Around half of all breast cancer patients could one day benefit from having the cheap and widely-available female hormone progesterone added to their treatment, according to research published in Nature.
Tumours fuelled by the female hormone oestrogen are treated with drugs like tamoxifen to block oestrogen receptors, which cause cancer cells to grow. Women whose tumours have progesterone receptors as well are known to have a better outlook. But for decades scientists have been unable to pinpoint why. Now researchers have revealed how the progesterone receptor 'talks to' the oestrogen receptor in breast cancer cells to change their behaviour, ultimately slowing down tumour growth.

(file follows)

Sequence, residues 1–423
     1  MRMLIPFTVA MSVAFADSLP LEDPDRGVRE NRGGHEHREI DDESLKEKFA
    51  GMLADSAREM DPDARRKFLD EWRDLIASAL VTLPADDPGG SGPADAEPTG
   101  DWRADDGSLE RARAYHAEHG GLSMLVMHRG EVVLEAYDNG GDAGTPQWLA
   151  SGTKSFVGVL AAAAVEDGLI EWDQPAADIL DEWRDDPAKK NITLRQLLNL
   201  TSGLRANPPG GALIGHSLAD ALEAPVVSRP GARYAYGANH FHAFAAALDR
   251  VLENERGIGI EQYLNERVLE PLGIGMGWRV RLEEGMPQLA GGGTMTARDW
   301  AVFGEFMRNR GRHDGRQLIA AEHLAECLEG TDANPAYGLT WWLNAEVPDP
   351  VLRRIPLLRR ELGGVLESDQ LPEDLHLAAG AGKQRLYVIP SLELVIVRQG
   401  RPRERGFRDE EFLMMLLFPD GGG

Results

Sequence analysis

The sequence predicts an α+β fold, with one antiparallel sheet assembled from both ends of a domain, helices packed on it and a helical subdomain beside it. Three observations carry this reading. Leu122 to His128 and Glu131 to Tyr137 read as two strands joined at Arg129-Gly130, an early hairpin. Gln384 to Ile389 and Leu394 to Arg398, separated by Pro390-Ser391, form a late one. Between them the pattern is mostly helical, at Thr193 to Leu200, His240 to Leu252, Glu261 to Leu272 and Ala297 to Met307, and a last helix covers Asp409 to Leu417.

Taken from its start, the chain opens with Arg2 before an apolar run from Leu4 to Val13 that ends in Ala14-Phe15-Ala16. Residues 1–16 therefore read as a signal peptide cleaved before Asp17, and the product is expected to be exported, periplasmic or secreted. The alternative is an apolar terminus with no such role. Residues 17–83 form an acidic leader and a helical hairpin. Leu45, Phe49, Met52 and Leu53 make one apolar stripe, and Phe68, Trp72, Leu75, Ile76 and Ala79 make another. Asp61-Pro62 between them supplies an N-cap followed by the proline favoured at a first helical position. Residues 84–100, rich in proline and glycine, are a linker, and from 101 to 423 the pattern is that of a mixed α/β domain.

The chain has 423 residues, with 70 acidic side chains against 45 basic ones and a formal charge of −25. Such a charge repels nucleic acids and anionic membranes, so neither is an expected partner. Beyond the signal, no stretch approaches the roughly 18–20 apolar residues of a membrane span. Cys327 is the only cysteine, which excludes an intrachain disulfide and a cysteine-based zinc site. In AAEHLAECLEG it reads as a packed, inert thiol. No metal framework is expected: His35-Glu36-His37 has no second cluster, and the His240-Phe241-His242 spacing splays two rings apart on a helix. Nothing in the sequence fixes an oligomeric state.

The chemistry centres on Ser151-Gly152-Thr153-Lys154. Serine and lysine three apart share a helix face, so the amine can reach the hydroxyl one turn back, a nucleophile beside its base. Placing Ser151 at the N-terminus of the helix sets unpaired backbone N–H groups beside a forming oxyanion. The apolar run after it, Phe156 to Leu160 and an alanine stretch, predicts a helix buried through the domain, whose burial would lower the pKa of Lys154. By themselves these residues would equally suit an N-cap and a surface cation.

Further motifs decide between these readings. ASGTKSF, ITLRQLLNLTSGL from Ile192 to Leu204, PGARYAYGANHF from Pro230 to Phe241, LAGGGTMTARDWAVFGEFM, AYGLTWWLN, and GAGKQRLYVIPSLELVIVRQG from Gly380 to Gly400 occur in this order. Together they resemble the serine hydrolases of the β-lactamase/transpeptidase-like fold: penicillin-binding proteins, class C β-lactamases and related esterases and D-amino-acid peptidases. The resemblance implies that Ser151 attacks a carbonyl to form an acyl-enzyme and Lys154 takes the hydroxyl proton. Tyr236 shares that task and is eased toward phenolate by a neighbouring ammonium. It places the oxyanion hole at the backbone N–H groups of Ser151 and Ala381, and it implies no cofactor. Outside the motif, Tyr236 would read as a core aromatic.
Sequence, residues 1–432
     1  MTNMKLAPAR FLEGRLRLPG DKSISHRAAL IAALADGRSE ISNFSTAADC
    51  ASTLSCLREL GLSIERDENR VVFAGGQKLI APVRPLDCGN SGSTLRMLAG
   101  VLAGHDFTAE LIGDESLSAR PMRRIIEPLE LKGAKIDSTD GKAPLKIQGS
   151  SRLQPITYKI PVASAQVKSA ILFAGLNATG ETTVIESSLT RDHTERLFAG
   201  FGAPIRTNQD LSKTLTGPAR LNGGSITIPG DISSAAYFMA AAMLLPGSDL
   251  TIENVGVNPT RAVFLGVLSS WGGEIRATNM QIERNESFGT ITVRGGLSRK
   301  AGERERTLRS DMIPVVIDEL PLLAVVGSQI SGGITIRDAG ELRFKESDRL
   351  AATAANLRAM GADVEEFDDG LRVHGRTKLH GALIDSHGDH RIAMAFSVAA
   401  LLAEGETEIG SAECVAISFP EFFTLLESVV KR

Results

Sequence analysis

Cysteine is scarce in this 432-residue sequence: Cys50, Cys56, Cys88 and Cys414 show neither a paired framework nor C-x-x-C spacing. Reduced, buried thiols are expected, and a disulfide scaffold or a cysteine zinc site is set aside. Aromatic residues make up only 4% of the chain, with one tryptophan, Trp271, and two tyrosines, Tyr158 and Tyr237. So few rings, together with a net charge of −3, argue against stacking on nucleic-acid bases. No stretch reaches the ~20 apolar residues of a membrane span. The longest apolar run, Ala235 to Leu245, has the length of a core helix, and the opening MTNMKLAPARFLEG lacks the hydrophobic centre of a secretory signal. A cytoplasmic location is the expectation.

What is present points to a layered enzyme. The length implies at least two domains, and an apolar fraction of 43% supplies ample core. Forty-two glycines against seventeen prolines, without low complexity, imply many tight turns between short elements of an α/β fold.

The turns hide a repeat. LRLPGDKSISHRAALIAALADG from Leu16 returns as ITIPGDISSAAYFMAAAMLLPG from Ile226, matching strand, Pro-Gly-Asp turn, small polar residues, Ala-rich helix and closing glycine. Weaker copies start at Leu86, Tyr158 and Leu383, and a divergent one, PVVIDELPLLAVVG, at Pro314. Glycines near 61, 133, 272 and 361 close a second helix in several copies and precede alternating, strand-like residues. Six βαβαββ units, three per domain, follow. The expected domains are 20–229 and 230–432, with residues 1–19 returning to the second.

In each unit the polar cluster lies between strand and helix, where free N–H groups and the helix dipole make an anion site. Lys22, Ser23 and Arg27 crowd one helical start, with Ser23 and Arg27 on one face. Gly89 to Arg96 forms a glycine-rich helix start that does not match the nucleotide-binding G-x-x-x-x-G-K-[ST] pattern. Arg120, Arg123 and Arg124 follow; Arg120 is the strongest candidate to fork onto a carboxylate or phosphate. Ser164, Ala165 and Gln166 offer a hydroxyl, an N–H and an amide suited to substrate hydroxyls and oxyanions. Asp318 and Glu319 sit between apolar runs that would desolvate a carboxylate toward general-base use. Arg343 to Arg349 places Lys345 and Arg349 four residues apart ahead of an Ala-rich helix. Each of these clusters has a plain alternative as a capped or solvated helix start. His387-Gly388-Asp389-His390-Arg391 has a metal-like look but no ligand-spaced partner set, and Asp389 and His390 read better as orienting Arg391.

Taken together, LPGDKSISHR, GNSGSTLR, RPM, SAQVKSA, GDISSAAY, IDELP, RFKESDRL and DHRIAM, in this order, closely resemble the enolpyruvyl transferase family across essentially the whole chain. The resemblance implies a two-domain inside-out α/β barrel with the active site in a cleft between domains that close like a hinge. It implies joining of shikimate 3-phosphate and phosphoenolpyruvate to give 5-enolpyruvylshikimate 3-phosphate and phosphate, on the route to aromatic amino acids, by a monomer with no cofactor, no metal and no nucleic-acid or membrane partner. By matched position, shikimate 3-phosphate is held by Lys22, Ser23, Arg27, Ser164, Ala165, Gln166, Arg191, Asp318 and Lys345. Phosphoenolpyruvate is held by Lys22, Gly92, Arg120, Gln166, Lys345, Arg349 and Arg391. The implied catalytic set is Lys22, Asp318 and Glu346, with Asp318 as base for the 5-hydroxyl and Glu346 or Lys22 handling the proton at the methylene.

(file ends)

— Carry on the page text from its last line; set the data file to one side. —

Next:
"This research helps explain why some breast cancer patients have a better outlook. Crucially, it provides a strong case for a clinical trial to investigate the potential benefit of adding progesterone to drugs that target the oestrogen receptor, which could improve treatment for the majority of hormone-driven breast cancers," the researchers said.
There are around 1,6 million new cases of breast cancer each year and this study shows how a cheap, safe, and widely available drug could potentially improve treatment for around half of all patients, the researchers concluded.